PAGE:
Tuesday, November 01, 2005

GMs down and out

Since my last post, there have been some pretty significant hirings and firings in the GM world. The hiring of note is that of Josh Byrnes, Asst. GM with the Red Sox, who will be taking over the vacant GM job in Arizona. This is good news for the Diamondbacks, who need something better at the head of their organization, one year after the Russ Ortiz horror show.
The firing of note is that of Paul DePodesta in Los Angeles. This is pretty obviously a case of owners looking for somebody to scapegoat. It wasn't enough to fire manager Jim Tracy, they had to jettison DePodesta. I can't say anything really good about the Dodgers in 2005; as much credit as DePodesta gets for taking the Dodgers to a division title in 2004, he deserves his share of the blame for the 2005 collapse. But he certainly doesn't deserve all of the blame, and the media is quick to blister him because of his Moneyball pedigree.
The simplest question to ask about DePodesta's firing is this: is there a better choice for the Dodgers? For me, it's hard to argue that the Dodgers are really better off without DePodesta. While I can't speak for his administrative skill, I think his brand of common sense is exactly what the far-flung Dodgers need. He was sitting on some very impressive prospects, with a good chance to form a really good team. I think he was pressured into making too many free agent signings in the pre-season while he should have stayed with the plan and kept on track for the arrival of the rookies. But no one is that patient, and it's hard to imagine anyone being able to stand up to that pressure.
This is not good news for the Dodgers. Their two most likely candidates for the post seem to be Pat Gillick and Orel Hershiser. Gillick is not a bad GM, but it would be a step in the wrong direction to abandon sabermetrics for Gillick's more traditional, scouting-based approach. Hershiser, on the other hand, just may not be qualified for the GM job. I think he's a fine candidate for the managing position, but it's hard for me to see him stepping from pitching coach to GM and seeing good success. It would be a headline-grabbing move that would just hurt the team in the long run.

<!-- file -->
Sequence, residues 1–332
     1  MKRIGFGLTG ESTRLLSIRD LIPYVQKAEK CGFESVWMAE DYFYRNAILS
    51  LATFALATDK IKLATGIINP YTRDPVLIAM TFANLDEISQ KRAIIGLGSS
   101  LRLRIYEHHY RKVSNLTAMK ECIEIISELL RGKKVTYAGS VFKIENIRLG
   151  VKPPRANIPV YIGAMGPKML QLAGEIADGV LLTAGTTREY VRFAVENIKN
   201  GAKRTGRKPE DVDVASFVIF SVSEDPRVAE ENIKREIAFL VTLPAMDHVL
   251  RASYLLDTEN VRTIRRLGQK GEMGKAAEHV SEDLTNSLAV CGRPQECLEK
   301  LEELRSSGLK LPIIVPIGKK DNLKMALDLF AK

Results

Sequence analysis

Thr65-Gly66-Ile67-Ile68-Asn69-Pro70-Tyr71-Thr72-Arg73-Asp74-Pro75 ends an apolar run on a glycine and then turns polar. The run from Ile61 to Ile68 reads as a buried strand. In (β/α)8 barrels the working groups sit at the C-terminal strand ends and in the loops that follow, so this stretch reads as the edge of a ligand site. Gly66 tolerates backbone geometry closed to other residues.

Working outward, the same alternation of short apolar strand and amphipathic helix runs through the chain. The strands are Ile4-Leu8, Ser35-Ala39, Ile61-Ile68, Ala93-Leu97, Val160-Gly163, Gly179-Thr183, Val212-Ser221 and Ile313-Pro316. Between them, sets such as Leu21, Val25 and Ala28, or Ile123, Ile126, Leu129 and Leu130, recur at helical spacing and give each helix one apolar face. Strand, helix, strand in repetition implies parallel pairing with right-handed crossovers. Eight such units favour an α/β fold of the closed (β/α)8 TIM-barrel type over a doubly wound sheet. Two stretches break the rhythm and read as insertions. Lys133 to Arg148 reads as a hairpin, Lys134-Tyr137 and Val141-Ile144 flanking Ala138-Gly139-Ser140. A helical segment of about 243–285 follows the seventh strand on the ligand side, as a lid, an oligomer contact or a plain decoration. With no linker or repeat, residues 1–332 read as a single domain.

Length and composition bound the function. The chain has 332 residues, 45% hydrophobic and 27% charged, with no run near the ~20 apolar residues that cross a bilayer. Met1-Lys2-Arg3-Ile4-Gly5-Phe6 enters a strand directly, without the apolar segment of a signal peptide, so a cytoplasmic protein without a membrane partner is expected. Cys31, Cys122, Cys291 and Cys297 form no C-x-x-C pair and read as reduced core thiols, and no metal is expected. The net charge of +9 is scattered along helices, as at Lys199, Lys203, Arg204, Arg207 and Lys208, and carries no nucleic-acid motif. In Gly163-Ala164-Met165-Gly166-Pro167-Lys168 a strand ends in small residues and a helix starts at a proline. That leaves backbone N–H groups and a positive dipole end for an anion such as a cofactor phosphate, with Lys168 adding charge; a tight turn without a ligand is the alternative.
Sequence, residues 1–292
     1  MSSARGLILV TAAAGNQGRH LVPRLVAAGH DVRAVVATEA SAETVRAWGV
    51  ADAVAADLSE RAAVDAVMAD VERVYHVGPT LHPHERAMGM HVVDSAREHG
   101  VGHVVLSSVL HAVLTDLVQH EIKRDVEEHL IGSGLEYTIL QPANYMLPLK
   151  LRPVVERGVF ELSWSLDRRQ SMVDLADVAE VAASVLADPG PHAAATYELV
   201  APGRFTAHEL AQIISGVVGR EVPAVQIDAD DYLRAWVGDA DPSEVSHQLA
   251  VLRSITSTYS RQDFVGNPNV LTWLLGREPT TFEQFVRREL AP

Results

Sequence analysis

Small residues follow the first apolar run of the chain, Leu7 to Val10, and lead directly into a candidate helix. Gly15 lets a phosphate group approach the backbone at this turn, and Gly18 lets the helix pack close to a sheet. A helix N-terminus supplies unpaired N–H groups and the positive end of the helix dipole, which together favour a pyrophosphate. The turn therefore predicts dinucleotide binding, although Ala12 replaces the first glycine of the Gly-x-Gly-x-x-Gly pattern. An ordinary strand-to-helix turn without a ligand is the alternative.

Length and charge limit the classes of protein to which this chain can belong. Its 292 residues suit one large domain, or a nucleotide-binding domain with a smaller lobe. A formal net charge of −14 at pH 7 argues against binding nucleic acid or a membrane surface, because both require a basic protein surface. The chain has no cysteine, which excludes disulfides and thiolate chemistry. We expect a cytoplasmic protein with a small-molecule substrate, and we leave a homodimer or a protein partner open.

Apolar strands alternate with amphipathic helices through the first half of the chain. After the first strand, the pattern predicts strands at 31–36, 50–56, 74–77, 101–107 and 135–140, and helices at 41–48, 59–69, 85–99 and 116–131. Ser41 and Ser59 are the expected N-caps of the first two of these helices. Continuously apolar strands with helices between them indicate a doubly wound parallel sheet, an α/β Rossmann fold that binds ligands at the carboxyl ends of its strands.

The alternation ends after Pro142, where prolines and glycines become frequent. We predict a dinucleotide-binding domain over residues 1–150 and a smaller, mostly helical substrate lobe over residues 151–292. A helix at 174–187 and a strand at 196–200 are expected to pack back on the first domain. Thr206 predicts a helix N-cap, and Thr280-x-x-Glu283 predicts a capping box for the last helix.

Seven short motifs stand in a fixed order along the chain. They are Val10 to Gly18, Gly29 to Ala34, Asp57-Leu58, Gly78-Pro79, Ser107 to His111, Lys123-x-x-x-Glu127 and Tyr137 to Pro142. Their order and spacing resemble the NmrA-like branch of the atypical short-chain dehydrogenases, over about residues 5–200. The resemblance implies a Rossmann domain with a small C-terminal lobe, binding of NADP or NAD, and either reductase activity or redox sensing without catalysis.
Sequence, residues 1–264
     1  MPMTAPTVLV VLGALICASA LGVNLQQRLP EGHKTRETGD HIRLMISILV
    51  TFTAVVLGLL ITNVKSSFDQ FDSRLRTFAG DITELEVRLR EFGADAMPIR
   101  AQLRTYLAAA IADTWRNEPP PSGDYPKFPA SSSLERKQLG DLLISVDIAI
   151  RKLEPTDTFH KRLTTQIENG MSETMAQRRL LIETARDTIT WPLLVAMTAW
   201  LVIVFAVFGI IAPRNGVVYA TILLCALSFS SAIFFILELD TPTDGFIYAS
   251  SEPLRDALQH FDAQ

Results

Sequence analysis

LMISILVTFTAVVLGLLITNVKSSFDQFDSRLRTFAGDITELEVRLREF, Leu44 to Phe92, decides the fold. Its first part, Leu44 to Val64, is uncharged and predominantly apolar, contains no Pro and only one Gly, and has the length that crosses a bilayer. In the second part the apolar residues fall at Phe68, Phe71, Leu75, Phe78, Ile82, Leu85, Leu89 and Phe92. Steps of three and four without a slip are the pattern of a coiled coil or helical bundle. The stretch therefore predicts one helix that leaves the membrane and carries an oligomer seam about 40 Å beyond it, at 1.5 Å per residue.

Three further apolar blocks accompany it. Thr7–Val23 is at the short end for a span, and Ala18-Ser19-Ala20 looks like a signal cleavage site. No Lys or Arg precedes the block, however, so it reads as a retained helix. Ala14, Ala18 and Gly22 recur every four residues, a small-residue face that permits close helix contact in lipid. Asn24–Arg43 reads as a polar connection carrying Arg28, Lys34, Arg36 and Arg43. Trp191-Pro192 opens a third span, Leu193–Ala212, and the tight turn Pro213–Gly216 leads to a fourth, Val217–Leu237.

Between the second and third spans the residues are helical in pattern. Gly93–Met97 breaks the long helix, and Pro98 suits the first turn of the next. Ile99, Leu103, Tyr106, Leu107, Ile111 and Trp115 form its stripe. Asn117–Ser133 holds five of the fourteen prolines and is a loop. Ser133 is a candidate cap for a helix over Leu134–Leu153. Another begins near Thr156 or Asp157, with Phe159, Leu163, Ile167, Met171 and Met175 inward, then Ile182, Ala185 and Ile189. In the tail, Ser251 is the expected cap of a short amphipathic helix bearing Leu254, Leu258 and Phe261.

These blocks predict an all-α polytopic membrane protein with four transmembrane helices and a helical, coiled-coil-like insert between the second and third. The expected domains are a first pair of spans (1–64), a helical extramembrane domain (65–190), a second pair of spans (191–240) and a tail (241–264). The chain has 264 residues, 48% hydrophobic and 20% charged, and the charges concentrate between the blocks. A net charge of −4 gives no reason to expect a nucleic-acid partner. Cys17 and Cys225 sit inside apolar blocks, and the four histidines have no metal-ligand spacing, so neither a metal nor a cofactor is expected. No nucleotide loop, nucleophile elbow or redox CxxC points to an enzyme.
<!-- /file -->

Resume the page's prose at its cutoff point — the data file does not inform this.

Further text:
But the biggest news on the GM front is the resignation of Theo Epstein from the position of Boston GM. Theo was one of the best GMs in baseball and had the track record of success to back it up. My previous entry blaming Larry Lucchino may have been a bit premature, but it's certainly someone's fault that the negotiations reached such an ugly stage. The Red Sox are not at all in good shape, with Epstein going as well as possibly Manny Ramirez and David Wells. Again, there's no one that would do a better job than Theo Epstein, and Boston will suffer because of it. It will be interesting to see if Boston's progressive front office, with the likes of Bill James and Voros McCracken, will survive Epstein's firing. My guess is that the Red Sox will go with a more traditional GM, and the progressive ideas will slowly die on the vine. While the Yankees managed to retain Brian Cashman, the Red Sox lost their wunderkind GM. And this will easily be the biggest victory the Yankees score over the Sox in the off-season.
Don't shed too many tears for Theo. He doesn't need baseball, but my guess is some baseball team will really pursue him. Probably not this off-season, but sometime in the near future a team will come calling. And Theo's willingness to join his brother in social work will make the team come to him with an attractive offer. DePodesta will not be quite so sought-after, but I think he'll be able to execute an effective strategy in a less media-intensive environmeny.

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